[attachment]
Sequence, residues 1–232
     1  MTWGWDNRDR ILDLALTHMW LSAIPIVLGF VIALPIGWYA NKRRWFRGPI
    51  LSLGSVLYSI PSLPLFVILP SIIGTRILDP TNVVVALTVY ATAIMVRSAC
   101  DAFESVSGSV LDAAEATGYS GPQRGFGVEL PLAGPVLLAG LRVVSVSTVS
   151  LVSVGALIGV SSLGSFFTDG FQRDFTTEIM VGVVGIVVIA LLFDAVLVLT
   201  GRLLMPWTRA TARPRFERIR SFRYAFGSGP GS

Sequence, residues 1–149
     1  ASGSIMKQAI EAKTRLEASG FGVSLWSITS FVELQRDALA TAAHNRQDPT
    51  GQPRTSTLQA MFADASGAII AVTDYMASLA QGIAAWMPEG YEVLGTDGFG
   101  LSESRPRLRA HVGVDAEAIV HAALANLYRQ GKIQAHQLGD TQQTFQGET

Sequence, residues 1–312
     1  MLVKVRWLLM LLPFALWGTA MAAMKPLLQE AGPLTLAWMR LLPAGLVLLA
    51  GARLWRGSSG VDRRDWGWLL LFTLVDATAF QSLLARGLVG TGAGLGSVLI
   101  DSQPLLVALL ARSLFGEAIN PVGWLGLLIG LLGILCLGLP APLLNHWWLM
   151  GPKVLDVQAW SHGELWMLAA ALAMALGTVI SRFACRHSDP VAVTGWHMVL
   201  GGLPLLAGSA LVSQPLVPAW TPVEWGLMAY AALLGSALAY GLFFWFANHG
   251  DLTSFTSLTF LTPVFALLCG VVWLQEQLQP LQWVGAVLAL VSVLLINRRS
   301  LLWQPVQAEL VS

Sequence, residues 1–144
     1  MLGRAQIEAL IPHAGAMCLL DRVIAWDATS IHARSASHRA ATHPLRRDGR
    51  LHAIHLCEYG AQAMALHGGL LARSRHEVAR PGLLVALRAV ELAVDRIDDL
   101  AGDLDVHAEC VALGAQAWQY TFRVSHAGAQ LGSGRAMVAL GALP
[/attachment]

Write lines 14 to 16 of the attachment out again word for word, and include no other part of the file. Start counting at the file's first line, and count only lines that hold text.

   101  DSQPLLVALL ARSLFGEAIN PVGWLGLLIG LLGILCLGLP APLLNHWWLM
   151  GPKVLDVQAW SHGELWMLAA ALAMALGTVI SRFACRHSDP VAVTGWHMVL
   201  GGLPLLAGSA LVSQPLVPAW TPVEWGLMAY AALLGSALAY GLFFWFANHG